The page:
By Jim Schutze
By Rachel Watts
By Lauren Drewes Daniels
By Anna Merlan
By Lee Escobedo
And the worst was yet to come.
"We can't ever have any hope of eradicating fire ants," says Homer Collins, an entomologist with the USDA in Gulfport, Mississippi. "Fire ants continue to spread despite efforts of state and federal agencies to retain their spread."
The spread of the ants is troubling because, unlike other aggressive species, fire ants are known to attack and kill for no apparent reason. Scientists are confounded by the insect's traits, which remain a mystery despite years of study.
"Most things have some kind of behavior which we can rationalize and explain and make sense. Like, we all know that you go hit a flower that has a honey bee on it and it doesn't sting you; it goes and buzzes off," says Justin O. Schmidt, a research entomologist with the Center for Insect Science at the University of Arizona.
"The only time they attack you is when you are threatening their babies or their colonies. Almost all forms of life are that way, but fire ants are one of those oddballs. There's many ants that hurt a whole lot more than fire ants, but again, they don't go out of their way usually to sting you. But for some reason fire ants will--automatically," says Schmidt, who specializes in the study of stinging insects.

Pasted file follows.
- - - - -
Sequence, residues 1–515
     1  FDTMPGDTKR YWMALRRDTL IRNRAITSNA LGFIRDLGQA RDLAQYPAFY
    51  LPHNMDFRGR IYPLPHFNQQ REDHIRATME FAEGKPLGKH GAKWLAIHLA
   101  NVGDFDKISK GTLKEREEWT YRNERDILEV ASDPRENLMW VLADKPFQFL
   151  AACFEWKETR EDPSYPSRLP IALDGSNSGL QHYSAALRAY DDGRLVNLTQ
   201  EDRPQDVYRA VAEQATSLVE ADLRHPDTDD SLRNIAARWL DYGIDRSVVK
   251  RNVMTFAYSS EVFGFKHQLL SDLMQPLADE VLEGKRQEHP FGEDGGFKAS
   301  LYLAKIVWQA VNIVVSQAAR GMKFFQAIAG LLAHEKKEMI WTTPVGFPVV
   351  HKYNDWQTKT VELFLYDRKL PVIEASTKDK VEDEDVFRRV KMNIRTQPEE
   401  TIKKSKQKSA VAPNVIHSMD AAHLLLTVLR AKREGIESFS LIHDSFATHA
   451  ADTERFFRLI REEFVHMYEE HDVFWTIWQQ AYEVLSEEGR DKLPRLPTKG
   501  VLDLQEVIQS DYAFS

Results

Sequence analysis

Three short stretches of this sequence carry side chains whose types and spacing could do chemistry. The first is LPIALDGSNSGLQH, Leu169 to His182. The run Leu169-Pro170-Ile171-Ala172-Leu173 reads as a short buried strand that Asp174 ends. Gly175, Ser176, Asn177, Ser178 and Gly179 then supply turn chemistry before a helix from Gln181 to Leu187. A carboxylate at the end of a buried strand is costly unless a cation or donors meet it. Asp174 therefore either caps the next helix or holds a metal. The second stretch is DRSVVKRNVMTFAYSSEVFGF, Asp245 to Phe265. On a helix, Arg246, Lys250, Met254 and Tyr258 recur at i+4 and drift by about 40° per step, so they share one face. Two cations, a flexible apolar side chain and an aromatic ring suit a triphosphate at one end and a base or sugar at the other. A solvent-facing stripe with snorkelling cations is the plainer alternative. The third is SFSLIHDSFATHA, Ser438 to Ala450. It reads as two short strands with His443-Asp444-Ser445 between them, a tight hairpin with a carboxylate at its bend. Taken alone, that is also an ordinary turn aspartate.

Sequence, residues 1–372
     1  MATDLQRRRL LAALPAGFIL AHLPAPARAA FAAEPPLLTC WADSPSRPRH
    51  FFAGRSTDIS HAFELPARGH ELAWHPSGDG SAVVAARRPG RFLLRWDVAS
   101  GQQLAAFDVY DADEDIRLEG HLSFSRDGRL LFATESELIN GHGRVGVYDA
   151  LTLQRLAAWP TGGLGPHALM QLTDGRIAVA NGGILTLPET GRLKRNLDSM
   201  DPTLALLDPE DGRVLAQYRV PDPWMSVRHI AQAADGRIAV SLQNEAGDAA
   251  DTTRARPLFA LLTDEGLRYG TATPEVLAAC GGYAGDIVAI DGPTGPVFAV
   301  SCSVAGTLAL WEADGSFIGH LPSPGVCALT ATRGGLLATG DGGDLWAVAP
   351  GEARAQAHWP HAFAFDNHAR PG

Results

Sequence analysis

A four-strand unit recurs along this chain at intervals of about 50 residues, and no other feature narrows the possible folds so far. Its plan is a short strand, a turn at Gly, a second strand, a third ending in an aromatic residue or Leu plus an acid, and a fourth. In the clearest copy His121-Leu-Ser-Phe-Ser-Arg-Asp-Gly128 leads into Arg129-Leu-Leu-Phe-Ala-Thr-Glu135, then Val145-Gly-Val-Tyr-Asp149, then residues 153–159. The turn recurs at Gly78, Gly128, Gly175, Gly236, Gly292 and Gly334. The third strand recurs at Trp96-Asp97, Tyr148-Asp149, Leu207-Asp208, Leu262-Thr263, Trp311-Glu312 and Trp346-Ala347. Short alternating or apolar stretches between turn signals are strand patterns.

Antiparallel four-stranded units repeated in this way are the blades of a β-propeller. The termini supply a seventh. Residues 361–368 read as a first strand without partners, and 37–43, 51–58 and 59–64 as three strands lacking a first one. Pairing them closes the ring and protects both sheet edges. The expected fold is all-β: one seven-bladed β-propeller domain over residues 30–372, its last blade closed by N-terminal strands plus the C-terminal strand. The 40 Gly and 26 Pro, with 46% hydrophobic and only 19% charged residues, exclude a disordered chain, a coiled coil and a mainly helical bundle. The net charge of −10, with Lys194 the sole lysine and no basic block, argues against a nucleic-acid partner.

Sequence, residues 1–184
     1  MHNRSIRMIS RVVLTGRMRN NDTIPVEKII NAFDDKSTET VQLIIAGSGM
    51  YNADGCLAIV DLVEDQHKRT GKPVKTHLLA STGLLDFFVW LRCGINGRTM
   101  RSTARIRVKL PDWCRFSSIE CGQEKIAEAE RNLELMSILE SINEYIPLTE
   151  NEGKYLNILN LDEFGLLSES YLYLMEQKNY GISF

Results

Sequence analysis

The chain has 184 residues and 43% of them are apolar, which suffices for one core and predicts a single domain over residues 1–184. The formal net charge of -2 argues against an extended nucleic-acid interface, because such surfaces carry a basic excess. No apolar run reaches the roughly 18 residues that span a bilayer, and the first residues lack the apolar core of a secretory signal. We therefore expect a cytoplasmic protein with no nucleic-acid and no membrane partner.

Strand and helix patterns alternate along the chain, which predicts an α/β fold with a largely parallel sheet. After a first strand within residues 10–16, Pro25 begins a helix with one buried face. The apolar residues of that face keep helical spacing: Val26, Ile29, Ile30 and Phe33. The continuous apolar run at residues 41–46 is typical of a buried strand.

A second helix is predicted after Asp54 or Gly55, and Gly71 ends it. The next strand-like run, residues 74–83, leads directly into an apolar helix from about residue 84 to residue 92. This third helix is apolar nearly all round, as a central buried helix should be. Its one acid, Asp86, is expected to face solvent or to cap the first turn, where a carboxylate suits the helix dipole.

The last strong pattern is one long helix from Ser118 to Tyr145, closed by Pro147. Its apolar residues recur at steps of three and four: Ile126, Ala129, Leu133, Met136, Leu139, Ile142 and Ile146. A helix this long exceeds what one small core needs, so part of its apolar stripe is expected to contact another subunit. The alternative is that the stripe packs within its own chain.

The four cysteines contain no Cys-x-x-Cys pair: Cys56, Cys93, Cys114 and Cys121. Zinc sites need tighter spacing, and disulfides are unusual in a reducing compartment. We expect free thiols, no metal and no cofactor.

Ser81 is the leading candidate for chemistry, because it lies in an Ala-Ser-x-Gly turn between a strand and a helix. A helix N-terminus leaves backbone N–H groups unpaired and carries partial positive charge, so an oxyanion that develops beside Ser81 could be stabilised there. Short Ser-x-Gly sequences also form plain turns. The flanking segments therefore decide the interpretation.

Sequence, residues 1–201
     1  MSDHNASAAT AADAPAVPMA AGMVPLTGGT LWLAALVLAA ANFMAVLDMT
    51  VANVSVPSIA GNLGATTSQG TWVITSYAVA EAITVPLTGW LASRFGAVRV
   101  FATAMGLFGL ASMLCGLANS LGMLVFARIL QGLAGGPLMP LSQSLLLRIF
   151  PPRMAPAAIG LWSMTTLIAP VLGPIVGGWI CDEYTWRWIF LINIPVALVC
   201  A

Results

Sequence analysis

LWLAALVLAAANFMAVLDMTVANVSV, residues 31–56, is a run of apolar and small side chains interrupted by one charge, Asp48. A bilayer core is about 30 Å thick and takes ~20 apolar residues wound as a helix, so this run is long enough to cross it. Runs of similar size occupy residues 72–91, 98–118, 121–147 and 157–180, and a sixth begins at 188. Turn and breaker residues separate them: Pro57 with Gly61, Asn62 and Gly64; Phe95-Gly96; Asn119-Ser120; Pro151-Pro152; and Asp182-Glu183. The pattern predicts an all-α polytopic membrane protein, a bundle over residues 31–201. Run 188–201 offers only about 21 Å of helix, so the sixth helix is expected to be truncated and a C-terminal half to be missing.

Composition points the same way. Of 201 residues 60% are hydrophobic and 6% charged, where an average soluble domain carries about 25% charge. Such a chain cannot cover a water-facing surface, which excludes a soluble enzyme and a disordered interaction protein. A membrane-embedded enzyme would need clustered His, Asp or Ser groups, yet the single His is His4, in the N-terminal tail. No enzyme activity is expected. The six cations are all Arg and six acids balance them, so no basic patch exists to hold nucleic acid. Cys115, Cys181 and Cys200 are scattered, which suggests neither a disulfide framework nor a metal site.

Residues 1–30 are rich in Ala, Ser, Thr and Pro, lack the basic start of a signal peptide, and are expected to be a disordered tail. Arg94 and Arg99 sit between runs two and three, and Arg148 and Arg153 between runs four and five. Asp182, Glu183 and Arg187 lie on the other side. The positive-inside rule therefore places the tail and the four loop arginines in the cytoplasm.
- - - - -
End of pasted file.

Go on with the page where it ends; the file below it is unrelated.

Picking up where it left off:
As anyone who has accidentally crossed a fire ant's path knows, the tiny insect aggressively attacks its target without regard to the size of the victim. The ants are known to attack and dismember fledglings in the nest and newborn calves on the prairie. By weight, fire ant venom is as powerful as a cobra's, scientists say.
"Fire ants clamp onto their targets with powerful jaws and sting their victims repeatedly," according to the USDA. "Each sting injects a dose of venom that causes a burning sensation. The stings raise itching blisters that can become infected. In sensitive victims, the stings can cause anaphylactic shock [symptoms include breathing difficulties and fainting] or even death."
Schmidt, who devised the "Schmidt Pain Index" to measure the pain of insect stings to humans, rates the fire ant bite as a one on his scale of one to five. The sting of a honeybee is a two. At the top of the scale, five, is the sting of a tarantula hawk, which "blows out your mental circuits and ability to withstand pain," Schmidt says.
The sting of one ant is unpleasant. The sting of many ants is torturous, at least in the eyes of law enforcement. In Jackson, Mississippi, police in 1998 filed charges of aggravated assault against three men accused of pouring fire ants on four other men to induce them to talk about a robbery. In February, a Florida man was charged with a felony for ordering his 9-year-old daughter to sit on an anthill as punishment. The child was bitten all over her body. Her father was sentenced to 15 years in prison for torturing her and for "punishing" his other children in similarly brutal ways.
Schmidt says receiving many, many fire ant bites would be like taking hundreds of burning hot needles and pressing them repeatedly onto your skin.
"If I were strapped down over a fire ant colony and couldn't move and had no control over my own personal safety or flight, it's got to be absolute, sheer terror. It's nothing else I could imagine it would be," he says.